« The joys of Justice Breyer | Main | An update, and insights, on Blakely in Ohio »

June 13, 2005

Ineffective sentencing advice from 5th Circuit

Though the busy Eighth Circuit has the pipeline still whooshing along with three more Booker dispositions today (available on this official opinion page), catching my eye this afternoon is a decision coming from the Fifth Circuit (per Judge Prado) in US v. Herrera, No. 04-50633 (5th Cir. June 10, 2005) (available here).  Herrerra concerns a defendant's claim that trial counsel was constitutionally ineffective because he allegedly misrepresented the maximum exposure the defendant faced under the sentencing guidelines if convicted.

Though I won't speculate about how the Herrara decision might affect Judge Prado's draft prospects, I will speculate that language from Judge Prado's Herrara opinion may be drafted by many defendants claiming they got bad sentencing advice from their counsel.  Here is some of the Herrara court's explanation for why an remand for an evidentiary hearing on the defendant's IAC claim was required:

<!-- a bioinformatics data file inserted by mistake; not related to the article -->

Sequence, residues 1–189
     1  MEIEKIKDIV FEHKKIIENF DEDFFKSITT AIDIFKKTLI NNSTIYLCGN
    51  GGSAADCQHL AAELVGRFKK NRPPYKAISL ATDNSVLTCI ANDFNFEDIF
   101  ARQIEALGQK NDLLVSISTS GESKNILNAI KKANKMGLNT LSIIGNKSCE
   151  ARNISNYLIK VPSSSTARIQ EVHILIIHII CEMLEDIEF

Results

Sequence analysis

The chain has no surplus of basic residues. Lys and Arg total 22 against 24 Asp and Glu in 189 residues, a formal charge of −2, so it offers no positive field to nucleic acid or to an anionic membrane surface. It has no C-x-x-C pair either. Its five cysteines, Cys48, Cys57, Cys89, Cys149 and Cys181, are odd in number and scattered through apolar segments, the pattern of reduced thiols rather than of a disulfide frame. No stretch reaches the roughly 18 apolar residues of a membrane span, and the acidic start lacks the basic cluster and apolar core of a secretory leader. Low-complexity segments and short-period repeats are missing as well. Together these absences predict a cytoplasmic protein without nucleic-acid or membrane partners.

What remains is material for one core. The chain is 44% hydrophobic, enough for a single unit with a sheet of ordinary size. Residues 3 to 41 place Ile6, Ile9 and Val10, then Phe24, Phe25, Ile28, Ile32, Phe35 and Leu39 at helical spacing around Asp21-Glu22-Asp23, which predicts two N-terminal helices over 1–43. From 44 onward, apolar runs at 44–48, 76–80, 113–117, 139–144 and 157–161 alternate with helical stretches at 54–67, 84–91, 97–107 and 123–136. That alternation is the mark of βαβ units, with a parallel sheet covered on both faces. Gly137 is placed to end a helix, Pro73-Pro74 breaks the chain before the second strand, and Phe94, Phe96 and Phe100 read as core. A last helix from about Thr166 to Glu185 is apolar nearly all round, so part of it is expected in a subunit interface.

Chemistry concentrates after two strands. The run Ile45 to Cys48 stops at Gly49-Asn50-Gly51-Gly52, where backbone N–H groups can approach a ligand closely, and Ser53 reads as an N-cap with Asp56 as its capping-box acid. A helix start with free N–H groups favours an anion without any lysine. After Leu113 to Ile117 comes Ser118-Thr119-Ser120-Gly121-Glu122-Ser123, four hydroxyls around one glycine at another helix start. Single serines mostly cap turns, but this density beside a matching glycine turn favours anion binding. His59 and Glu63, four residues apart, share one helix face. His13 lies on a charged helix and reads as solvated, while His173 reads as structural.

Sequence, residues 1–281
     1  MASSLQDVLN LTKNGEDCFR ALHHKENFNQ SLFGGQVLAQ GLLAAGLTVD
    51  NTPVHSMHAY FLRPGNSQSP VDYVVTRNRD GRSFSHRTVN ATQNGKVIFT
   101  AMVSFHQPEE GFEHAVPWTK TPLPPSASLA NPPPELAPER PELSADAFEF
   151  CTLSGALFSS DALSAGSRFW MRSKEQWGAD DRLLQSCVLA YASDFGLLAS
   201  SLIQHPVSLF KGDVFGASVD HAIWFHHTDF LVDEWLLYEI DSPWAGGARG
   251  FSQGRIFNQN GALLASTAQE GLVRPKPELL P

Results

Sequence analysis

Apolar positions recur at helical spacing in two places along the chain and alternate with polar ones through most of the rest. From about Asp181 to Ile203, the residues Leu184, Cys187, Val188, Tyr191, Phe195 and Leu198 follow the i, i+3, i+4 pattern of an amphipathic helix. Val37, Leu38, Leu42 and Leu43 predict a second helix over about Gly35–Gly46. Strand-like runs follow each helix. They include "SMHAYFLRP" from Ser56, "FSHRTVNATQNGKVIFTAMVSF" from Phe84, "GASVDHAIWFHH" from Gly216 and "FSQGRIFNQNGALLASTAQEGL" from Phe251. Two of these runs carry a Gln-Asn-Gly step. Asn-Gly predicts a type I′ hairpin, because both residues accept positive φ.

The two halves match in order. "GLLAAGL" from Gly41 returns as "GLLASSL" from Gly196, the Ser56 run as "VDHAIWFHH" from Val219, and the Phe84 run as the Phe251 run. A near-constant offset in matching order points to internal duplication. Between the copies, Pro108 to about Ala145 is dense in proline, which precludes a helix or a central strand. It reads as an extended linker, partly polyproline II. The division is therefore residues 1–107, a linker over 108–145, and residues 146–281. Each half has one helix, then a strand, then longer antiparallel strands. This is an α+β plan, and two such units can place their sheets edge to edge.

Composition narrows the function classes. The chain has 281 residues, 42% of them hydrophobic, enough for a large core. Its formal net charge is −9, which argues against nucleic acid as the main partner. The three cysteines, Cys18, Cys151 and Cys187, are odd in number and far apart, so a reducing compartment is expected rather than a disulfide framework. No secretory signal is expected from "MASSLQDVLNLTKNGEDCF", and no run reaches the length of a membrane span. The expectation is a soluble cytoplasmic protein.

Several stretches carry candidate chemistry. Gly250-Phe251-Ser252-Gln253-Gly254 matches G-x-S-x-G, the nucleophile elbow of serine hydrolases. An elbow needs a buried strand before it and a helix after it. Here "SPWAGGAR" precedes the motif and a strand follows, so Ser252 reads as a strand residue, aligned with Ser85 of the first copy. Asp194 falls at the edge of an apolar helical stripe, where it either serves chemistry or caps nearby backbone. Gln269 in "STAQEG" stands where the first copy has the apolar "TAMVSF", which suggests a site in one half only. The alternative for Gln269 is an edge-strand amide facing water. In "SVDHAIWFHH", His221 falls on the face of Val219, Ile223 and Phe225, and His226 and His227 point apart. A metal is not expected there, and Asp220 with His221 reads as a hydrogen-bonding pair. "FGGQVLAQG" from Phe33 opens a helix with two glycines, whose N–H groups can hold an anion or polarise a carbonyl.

One of the most important duties of an attorney representing a criminal defendant is advising the defendant about whether he should plead guilty.  An attorney fulfills this obligation by informing the defendant about the relevant circumstances and the likely consequences of a plea.  Apprising a defendant about his exposure under the sentencing guidelines is necessarily part of this process. A defendant cannot make an intelligent choice about whether to accept a plea offer unless he fully understands the risks of proceeding to trial.  Failing to properly advise the defendant of the maximum sentence that he could receive falls below the objective standard required by Strickland....

An attorney who underestimates his client's sentencing exposure by 27 months performs deficiently because he does not provide his client with the information needed to make an informed decision about accepting a plea offer or going to trial.  Not only would the attorney's assistance be deficient under these circumstances, a 27-month increase in a sentence constitutes prejudice under the second prong of Strickland.

June 13, 2005 at 03:06 PM | Permalink


TrackBack URL for this entry:

Listed below are links to weblogs that reference Ineffective sentencing advice from 5th Circuit:


Post a comment

In the body of your email, please indicate if you are a professor, student, prosecutor, defense attorney, etc. so I can gain a sense of who is reading my blog. Thank you, DAB